Based on dialogue, the show introduced that idea that all doctors are rude and arrogant, except for Shaun. Not a great way to make Dr. Murphy stand out. The lack of respect is ridiculous. We have Jared and Clare who have the worst conversations. It makes Jared look like an ass for being butthurt about Claire not wanting a relationship, while also minimizing the strong female role. “If I have to choose between my boss and the woman I’m screwing, well, that’s an easy choice.” No Jared, just no. Another conversation that was had, pitted the white female Jessica Preston (Beau Garrett) against the black man, Dr. Andrews (Hill Harper). “Why did you warn me about respecting Dr. Andrews,” she asks. Is that really a question? Shouldn’t you respect people in general?
Also, why is there a conversation within a group of doctors who work at a hospital, about the definition of autism? Shouldn’t they already know that? If it was for the benefit if the audience then don’t do this. It’s poor writing and according to some with autism who tweeted the episode, an incorrect definition.
That's not the definition of autism. #thegooddoctor
— Sara Luterman (@slooterman) September 26, 2017
— ???? Kai Wolfgang ❄ (@MaKyah) September 26, 2017
But then again, when a doctor can only describe Shaun as “really weird,” maybe the doctors do need a dictionary lesson.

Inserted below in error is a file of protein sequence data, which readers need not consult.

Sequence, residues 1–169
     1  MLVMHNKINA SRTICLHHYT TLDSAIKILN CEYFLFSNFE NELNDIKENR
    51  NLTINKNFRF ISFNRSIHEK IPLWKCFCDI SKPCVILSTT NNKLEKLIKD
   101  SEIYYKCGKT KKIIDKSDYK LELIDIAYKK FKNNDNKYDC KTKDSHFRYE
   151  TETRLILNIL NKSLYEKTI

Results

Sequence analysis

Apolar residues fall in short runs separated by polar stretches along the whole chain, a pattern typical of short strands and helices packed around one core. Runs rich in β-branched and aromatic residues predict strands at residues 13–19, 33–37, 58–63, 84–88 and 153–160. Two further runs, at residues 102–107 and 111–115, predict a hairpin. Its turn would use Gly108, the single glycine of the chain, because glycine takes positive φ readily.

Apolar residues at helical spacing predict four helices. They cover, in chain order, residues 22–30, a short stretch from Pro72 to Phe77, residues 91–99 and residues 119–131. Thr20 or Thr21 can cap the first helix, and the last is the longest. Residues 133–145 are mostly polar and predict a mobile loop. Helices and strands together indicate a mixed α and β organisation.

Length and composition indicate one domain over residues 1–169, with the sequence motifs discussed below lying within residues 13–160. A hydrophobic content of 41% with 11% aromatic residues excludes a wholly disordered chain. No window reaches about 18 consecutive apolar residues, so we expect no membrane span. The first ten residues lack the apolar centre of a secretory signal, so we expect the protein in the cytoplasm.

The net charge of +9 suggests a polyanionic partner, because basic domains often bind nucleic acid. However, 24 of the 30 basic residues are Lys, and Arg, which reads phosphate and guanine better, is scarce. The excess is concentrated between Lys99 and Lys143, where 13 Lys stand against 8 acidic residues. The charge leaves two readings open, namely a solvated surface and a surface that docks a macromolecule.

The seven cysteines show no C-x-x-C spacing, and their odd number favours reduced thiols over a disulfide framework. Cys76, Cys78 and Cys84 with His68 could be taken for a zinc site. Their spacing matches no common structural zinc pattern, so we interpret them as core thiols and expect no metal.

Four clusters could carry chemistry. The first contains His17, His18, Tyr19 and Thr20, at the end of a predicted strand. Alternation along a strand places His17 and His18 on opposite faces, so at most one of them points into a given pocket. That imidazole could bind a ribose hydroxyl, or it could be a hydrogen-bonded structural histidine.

There were flaws. I didn't like the use of functioning labels, & I do hope they fix that. But it is a brilliant step in the right direction
— Skyler Sherman (@Sherman_Worman) September 26, 2017
If you’d like to read a review from a person with autism, Sarah Luterman, wrote a review on NOS Magazine. “It’s not the worst portrayal of autism I’ve ever seen,” she said, which is probably the best review it could get. Also see Not Your Neurotypical Girl.
To see a review that didn’t like the show from someone who is autistic, see The Crippled Scholar, who said, “the show’s portrayal of autism is deeply stereotypical and like so many portrayals of autism centers around an essentially magical autistic white man.”
While it’s important to recognize privilege from those of us with neurotypical voices, it’s also important to note that not all autistic people share the same beliefs — autism is not a monolith — and will see the show differently even in their community. Seek out how those with autism feel about the show and listen to their criticisms.
— Patricia (@pgzwicker) September 26, 2017
— Christine Meyer (@cdmeyer820) September 29, 2017
For more, see the #ActuallyAutistic hashtag on Twitter — this link includes the search term “The Good Doctor.”
All in all, The Good Doctor is a pleasant experience with some flaws. It’s a mixed bag from both a neurotypical standpoint and those with autism. It airs Mondays at 10 pm on ABC.
Catalina Combs is an aspiring film critic from California. She loves reading, writing, film, baking, music, drawing, traveling, Disney, and playing soccer. Her life usually revolves around all of these and her family. The oldest of six, Catalina tries to set a good example for her siblings. She graduated from Santa Clara University in 2010 with a BA in English Creative Writing and is pursuing an MA in Film. I also blog on WordPress and contribute to the website Examiner.com. Twitter- @tiggercraze | Facebook- Cat Combs | Instagram: @tiggercraze